Researchers at the University of Helsinki Department of Public Health found non-target coworkers suffer too. Their results show victims of bullying and those who witness it are more likely to receive a prescription for:
- -Sleeping pills
Thornton had complained about being racially harassed at work telling friends and relatives that in the two years he worked at the company he was confronted with blatant racism. Friends and family reported Thornton had found a picture of a noose and a racial epithet hanging on a bathroom wall at work. Will Holliday, Thornton’s uncle said, “He went to the Union a couple of times with issues concerning what was going on, and it was not dealt with appropriately. The killing rampage occurred moments after a disciplinary hearing in which Thornton was forced to resign.
Step One – Name it! Legitimize Yourself!
- Choose a name — bullying, psychological harassment, psychological violence, emotional abuse — to offset the effect of being told that because your problem is not illegal, you cannot possibly have a problem. This makes people feel illegitimate. The cycle of self-blame and anxiety begins.
- The source of the problem is external. The bully decides how to target and how, when, and where to harm people. You did not invite, nor want, the systematic campaign of psychological assaults and interference with your work. Think about it. No sane person wakes up each day hoping to be humiliated or berated at work.
- There is tremendous healing power in naming. Hard to believe at first, but very true.
Step Two – Take Time Off to Heal & Launch a Counterattack
Accomplish five (5) important tasks while on sick leave or short-term disability (granted by your physician).
- Check your mental health with a professional (not the employer’s EAP). Get emotionally stable enough to make a clear-headed decision to stay and fight, or to leave for your health’s sake. Your humanity makes you vulnerable; it is not a weakness, but a sign of superiority. Work Trauma, by definition, is an overwhelming, extraordinary experience.
- Check your physical health. Stress-related diseases rarely carry obvious warning signals (e.g., hypertension – the silent killer). Read the current research on work stress and heart disease.
- Research state and federal legal options (in a quarter of bullying cases, discrimination plays a role). Talk to an attorney. Maybe a demand letter can be written. Look for internal policies (harassment, violence, respect) for violations to report (fully expecting retaliation).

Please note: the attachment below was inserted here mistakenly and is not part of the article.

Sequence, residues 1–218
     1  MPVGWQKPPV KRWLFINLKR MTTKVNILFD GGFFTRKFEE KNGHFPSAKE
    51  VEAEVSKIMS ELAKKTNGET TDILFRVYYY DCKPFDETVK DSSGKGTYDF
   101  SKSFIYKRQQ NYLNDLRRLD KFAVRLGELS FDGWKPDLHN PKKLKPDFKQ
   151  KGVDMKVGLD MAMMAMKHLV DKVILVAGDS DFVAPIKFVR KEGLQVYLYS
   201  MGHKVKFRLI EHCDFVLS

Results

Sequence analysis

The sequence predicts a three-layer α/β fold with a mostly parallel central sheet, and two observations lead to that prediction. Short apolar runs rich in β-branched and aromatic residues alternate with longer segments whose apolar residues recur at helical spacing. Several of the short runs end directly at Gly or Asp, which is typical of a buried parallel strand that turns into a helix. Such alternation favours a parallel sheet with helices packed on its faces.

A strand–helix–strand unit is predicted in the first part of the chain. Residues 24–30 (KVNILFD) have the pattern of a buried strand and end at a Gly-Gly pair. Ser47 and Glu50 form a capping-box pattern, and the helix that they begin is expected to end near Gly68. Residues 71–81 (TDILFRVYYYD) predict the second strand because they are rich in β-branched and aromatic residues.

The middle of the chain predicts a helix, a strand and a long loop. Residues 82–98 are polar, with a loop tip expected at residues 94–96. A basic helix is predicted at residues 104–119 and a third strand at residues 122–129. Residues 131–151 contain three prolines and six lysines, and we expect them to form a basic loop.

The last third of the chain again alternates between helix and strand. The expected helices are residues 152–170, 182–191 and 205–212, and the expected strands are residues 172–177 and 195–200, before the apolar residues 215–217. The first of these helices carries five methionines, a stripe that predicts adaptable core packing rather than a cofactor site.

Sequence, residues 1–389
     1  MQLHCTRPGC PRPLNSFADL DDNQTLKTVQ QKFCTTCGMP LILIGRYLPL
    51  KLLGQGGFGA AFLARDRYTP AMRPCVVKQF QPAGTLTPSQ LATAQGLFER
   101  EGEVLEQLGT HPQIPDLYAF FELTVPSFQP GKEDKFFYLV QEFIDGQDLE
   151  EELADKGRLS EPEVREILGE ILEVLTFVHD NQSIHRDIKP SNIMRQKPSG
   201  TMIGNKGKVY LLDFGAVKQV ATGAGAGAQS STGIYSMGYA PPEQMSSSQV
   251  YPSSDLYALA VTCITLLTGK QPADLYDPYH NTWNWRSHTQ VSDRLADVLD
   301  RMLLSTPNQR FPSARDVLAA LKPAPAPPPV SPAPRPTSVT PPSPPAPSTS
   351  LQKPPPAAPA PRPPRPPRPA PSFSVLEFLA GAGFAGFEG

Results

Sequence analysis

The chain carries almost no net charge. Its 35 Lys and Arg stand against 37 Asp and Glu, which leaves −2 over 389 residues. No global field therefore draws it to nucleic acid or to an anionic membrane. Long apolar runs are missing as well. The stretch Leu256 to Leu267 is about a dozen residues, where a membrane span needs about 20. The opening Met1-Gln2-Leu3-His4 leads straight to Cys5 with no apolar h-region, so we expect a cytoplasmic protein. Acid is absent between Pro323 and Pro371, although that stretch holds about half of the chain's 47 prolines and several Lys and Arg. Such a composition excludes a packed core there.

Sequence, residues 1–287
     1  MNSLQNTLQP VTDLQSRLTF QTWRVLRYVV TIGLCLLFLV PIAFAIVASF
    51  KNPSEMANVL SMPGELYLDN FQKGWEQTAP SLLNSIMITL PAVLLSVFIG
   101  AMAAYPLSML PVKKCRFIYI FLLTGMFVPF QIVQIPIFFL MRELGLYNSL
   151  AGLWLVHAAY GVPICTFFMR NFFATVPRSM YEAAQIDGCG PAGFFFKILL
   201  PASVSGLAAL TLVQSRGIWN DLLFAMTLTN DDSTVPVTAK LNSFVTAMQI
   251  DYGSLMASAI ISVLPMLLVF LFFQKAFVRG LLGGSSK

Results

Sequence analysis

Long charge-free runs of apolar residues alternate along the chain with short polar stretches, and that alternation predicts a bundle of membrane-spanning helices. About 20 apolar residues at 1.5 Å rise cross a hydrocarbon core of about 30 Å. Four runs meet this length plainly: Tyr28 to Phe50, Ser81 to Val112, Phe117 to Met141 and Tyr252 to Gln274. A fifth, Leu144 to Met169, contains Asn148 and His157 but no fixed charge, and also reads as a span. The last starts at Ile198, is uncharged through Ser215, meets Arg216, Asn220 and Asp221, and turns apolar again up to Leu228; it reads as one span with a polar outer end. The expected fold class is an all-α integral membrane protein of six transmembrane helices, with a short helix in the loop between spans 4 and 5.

- Start job searching
Step Three – Expose the Bully
The real risk was sustained when you were first targeted (Targets lose their job – involuntarily or by choice for their health’s sake – in 77.7% of cases). It is no riskier to attempt to dislodge the bully. Retaliation is a certainty. Have your escape route planned in advance. Remember, good employers purge bullies, most promote them.
- Make the business case that the bully is “too expensive to keep.”
- Stick to the bottom line. If you drift into tales about the emotional impact of the bully’s harassment, you will be discounted and discredited.
- Give the employer one chance. If they side with the bully because of personal friendship (“he’s a great conversationalist and a lunch buddy”) or rationalize the mistreatment (“you have to understand that that is just how she is”), you will have to leave the job for your health’s sake. However, some employers are looking for reasons to purge their very difficult bully. You are the internal consultant with the necessary information. Help good employers purge.
- The nature of your departure — either bringing sunshine to the dark side or leaving shrouded in silent shame — determines how long it takes you to rebound and get that next job, to function fully and to restore compromised health. Tell everyone about the petty tyrant for your health’s sake.You have nothing to be ashamed about. You were only doing the job you once loved.